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AND SEMI-INTENSIVE EMDR THERAPY
While EMDR therapy can typically be performed at one to three sessions per week, it can also be done intensively.
The intensive couples therapy EMDR therapy is a therapeutic support based on the EMDR approach, gathering a large number of sessions over a short period of time and following a very structured methodology.
Some therapists practice it for 8 to 10 consecutive days, 8 to 10 hours of work a day with the same person. (That is 80 to 100 hours of therapeutic work).
For my part, I prefer not to exceed six hours a day with the same patient, the work in EMDR can be very demanding, especially for subjects at the limit of burnout intensive couples therapy Also the intensive therapies that I propose last 14/15 days or 2 times 7 days / 7,5.
Other therapists still offer other time formats, depending on their way of thinking about therapy.
The patient is usually asked to do this work out of his or her usual life context. That’s why I organize intensive therapies at the seaside, in the countryside or in the mountains.
The semi-intensive EMDR therapy is the therapeutic accompaniment following the EMDR approach, 3 to 4 hours a day at a rate of 4 or 5 days a week, during 4 to 6 weeks, of a patient in his usual life context.
I can also group sessions on several weekends.
They are intended for:
individuals who want to move faster in their therapeutic work
people who, because of their professional obligations and / or because of frequent travel, can not follow the traditional rhythm of one session per week
expatriates who can not find a psychologist or psychotherapist practicing EMDR or speaking their mother tongue in their country of residence intensive couples therapy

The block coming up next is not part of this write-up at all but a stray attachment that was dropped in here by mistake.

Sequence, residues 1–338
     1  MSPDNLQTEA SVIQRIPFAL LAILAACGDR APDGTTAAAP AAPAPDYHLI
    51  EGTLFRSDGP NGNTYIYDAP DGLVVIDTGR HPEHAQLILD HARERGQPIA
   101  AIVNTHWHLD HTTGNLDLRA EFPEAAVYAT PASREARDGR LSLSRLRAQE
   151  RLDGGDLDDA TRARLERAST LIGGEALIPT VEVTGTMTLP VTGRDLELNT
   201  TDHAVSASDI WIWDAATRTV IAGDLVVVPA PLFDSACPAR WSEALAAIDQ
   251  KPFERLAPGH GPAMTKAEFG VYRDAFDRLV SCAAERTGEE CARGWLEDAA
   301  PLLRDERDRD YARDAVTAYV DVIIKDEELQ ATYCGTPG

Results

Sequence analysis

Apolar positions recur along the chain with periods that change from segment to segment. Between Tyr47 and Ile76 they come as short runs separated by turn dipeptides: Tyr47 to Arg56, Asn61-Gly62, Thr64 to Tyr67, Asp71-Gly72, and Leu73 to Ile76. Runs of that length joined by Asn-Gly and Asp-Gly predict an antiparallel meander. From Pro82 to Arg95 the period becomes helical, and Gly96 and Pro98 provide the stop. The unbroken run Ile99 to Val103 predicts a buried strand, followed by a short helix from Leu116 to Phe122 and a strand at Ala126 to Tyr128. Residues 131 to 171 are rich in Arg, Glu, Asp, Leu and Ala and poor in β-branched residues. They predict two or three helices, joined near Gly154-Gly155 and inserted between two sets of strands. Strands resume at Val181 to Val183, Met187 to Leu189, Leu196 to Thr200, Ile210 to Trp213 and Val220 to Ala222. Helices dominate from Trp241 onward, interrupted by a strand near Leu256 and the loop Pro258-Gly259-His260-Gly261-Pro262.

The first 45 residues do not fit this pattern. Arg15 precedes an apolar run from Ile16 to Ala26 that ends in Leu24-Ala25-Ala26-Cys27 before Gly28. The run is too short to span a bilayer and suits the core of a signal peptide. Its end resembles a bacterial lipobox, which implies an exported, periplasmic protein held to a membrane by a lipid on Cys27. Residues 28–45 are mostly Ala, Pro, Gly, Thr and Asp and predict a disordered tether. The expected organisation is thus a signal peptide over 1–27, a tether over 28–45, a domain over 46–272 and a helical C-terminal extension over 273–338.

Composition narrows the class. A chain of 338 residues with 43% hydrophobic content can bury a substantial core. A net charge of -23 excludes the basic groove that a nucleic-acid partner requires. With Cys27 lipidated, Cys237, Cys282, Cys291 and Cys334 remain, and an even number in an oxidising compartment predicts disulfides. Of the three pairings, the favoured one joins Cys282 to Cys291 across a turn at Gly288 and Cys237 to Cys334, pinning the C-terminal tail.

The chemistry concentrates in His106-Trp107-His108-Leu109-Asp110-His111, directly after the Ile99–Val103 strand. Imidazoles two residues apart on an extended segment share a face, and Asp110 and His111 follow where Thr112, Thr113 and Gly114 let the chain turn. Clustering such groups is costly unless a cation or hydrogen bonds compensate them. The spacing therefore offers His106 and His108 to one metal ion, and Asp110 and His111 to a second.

I also travel around the world to provide intensive couples therapy EMDR therapy … and I practice in French, English, Spanish …
Through intensive therapy, changes are immediate and permanent. The formidable and rapid effectiveness of EMDR is still accelerated! …
At the 2009 EMDR Europe Association congress, Dr. Guy Sautai presented the results of a study he conducted on intensive therapy, conducted on 31 patients. Three days after treatment, 77.5% of patients have no symptoms, 3 months after 82% found a disappearance of their symptoms and 80% 1 year later.
In 2011, the above author reveals the results of another study on the same theme. Intensive therapy was effective for 87% of the 39 patients who observed the disappearance of 80% of their symptoms.
A presentation in the Springer Journal of EMDR Practice and Research in May 2013 reveals the application of a mode of intensive therapy to an individual suffering from post-traumatic stress disorder, associated with a major depressive syndrome and a syndrome generalized anxiety. This individual received 25½ hours of EMDR treatment over a period of 3 weeks, followed by 12 hours of supportive therapy for 6 weeks. His symptoms decreased, as revealed by measurements on diagnostic scales: Beck’s depression scale score increased from 46 (severe depression) to 15; the score on Beck’s anxiety scale went from 37 (severe anxiety) to 25 (moderate anxiety) and the score on the IEScale (Impact of Events Scale) went from 50 (severe PTSD) to 12.